“He tends to stay out on the left and cut in which is what he likes doing best. He seems to have adapted very well, he always has a smile on his face. He is living in a hotel in the city centre and he has learnt the bus routes well because he quite often gets a bus into the Trafford Centre with his good lady. He is fully immersed in local life at the moment, he is out in the restaurants, on the buses and he is in the shopping precinct. He seems to be enjoying it and long may it last.”


“Mark Hughes has been in a strange position because the brochure for the club that he was originally given by Shinawatra wasn’t quite what it appeared when he got here. He very quickly realised that maybe there wasn’t as much money to spend as he thought. It wasn’t quite what it was cracked up to be in the early weeks so he had that to overcome and then of course the Arab takeover too. There will be pressure of course, but it comes, not so much from the people giving him the money, but the supporters who expect the likes of Kaka and Lionel Messi to arrive tomorrow when they are not going to.

“There is pressure on him but he is sensible. He knows that he is able to spend money and he knows that he is in perhaps the best position of any manager in world football in terms of being able to spend money. The only pressure on him is the pressure that he puts on himself, as the board haven’t set him any targets for this season. Next season may be a different kettle of fish.”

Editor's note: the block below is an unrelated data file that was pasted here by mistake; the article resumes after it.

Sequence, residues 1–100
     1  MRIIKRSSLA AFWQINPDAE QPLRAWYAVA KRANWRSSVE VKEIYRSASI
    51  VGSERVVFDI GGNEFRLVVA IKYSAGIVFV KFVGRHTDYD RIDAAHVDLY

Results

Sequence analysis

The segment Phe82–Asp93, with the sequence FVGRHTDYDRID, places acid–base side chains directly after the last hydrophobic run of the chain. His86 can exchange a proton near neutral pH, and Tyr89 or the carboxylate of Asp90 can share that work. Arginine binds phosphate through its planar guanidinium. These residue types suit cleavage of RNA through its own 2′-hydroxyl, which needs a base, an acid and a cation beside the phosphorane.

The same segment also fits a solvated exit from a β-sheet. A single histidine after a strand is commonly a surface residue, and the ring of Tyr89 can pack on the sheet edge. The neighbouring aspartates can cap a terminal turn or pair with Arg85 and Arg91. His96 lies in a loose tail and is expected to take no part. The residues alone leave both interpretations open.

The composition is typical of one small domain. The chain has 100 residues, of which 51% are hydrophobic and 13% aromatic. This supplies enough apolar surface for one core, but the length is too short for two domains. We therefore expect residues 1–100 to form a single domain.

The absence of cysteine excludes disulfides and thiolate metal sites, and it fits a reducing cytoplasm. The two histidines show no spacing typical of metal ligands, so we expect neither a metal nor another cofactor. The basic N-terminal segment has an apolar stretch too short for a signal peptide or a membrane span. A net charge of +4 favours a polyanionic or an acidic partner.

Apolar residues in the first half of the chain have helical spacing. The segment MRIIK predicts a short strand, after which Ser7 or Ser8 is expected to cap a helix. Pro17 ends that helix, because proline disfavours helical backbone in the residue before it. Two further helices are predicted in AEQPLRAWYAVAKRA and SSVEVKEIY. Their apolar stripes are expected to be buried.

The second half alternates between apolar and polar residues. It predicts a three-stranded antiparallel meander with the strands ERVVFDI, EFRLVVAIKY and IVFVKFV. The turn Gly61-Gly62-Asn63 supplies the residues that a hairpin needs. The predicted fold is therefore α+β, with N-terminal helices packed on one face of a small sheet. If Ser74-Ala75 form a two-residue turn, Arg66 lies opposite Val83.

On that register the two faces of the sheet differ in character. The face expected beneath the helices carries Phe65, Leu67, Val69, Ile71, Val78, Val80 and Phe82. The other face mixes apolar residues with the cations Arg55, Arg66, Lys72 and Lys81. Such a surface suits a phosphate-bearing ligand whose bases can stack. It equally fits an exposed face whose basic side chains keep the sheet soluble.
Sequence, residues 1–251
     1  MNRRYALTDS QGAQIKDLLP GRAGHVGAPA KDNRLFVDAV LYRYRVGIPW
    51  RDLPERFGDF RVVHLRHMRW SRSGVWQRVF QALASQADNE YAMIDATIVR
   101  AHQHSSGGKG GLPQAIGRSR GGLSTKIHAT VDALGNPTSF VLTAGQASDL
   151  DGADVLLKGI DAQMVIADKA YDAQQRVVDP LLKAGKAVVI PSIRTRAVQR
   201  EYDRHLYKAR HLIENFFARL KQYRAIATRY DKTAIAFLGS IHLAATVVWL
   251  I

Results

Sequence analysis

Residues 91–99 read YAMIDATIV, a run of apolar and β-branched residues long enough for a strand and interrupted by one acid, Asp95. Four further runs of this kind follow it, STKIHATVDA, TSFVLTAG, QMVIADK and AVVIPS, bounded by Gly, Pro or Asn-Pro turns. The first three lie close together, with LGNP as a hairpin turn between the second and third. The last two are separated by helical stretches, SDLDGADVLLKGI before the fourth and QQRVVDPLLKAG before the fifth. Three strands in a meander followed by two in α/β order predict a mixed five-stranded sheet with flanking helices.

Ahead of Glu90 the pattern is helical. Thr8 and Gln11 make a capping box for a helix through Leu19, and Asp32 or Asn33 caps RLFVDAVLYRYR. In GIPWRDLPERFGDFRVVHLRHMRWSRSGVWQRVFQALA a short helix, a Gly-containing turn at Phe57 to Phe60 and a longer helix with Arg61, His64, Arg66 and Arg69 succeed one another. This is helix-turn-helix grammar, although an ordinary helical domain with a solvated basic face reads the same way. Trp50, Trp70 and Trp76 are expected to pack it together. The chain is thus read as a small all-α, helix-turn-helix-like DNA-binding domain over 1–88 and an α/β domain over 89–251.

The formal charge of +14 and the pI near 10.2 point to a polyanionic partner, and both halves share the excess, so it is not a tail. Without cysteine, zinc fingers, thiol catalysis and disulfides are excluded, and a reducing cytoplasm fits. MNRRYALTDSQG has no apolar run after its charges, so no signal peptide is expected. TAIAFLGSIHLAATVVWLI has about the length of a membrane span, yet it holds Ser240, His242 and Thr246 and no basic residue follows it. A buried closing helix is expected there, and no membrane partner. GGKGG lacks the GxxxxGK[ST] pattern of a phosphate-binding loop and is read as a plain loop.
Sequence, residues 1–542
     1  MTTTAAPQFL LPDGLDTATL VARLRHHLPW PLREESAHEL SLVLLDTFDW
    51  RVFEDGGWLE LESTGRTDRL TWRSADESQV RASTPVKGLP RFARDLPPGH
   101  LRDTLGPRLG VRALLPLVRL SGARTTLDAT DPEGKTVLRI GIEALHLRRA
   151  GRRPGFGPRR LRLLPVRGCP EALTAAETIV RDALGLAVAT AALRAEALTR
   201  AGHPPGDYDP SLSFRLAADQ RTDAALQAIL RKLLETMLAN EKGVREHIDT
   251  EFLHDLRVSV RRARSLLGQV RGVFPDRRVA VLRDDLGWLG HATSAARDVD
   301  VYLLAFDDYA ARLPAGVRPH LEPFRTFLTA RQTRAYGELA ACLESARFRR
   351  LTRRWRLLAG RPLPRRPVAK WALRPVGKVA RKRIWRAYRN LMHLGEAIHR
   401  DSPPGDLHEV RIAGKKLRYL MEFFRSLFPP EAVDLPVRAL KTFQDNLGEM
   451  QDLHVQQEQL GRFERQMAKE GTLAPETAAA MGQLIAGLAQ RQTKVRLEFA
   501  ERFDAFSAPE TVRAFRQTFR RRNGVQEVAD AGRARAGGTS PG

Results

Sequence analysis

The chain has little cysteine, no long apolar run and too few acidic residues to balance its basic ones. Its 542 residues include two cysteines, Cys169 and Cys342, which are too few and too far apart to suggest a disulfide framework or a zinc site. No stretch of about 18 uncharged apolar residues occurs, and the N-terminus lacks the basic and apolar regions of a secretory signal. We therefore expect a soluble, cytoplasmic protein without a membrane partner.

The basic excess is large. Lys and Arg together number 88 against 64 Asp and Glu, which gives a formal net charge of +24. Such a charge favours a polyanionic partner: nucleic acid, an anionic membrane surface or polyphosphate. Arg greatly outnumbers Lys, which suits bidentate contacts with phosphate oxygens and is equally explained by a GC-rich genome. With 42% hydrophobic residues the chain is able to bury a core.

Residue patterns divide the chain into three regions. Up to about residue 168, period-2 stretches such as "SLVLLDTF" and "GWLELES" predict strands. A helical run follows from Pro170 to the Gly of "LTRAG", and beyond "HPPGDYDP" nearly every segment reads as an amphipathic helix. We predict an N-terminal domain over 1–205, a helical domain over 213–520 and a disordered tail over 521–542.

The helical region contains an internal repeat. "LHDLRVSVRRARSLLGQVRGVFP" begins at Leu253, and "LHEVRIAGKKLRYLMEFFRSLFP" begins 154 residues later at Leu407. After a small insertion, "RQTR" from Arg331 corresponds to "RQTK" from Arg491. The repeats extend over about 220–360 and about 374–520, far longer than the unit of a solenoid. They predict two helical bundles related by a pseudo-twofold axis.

“They can’t defend, that is what has gone wrong. At home they have not put a bad performance in yet but it is a different story away. They scored six against Portsmouth, three against West Ham and three against Stoke. They were then 2-0 up against Liverpool, got a man sent off and lost, then took the lead against Chelsea and let it slip, then faced Spurs with 10 men - were the better team throughout - but still lost.

“At home they are quite a handful but away from home they are having to score three goals to win a game which is unsustainable. They did it once at Sunderland when they won 3-0 but then scored two at Newcastle but only managed a draw. It is at the back that is the problem and I think that is where he will address in the transfer window.”


“They can only play one way and that is to play football. There will be no hatchet men on show you can be sure of that. It will be a pure game of football and it could be a case of whoever scores the last goal wins; 'if you score three, we’ll score four’. Both teams only play one way and that is good football, there are no cloggers in either team, so we should expect a really good game of football.

“Elano could be called back and then there is Ireland, Robinho and Wright-Phillips with probably Benjani leading the attack. They are all footballers and there will certainly be no kick-and-chase.”


“I expect the same as usual and that is technically brilliant football from Arsenal with plenty of movement and plenty of energy. I watched their youth team destroy a Wigan side that actually beat City this season so it may be better for us if the first team turns up. I know Fabregas is out and Walcott too so that will hurt them because City are vulnerable down the flanks to pace so Walcott’s absence could be quite a boost for City in that respect.

“I expect a free-flowing game of football as it always is against Arsenal. It is one of the games you look forward to most in the season, both going to the Emirates and inviting them here. They play pretty much the same game wherever they play and that is always easy on the eye.”

Copyright 2017 The Arsenal Football Club plc. Permission to use quotations from this article is granted subject to appropriate credit being given to as the source
20 Nov 2008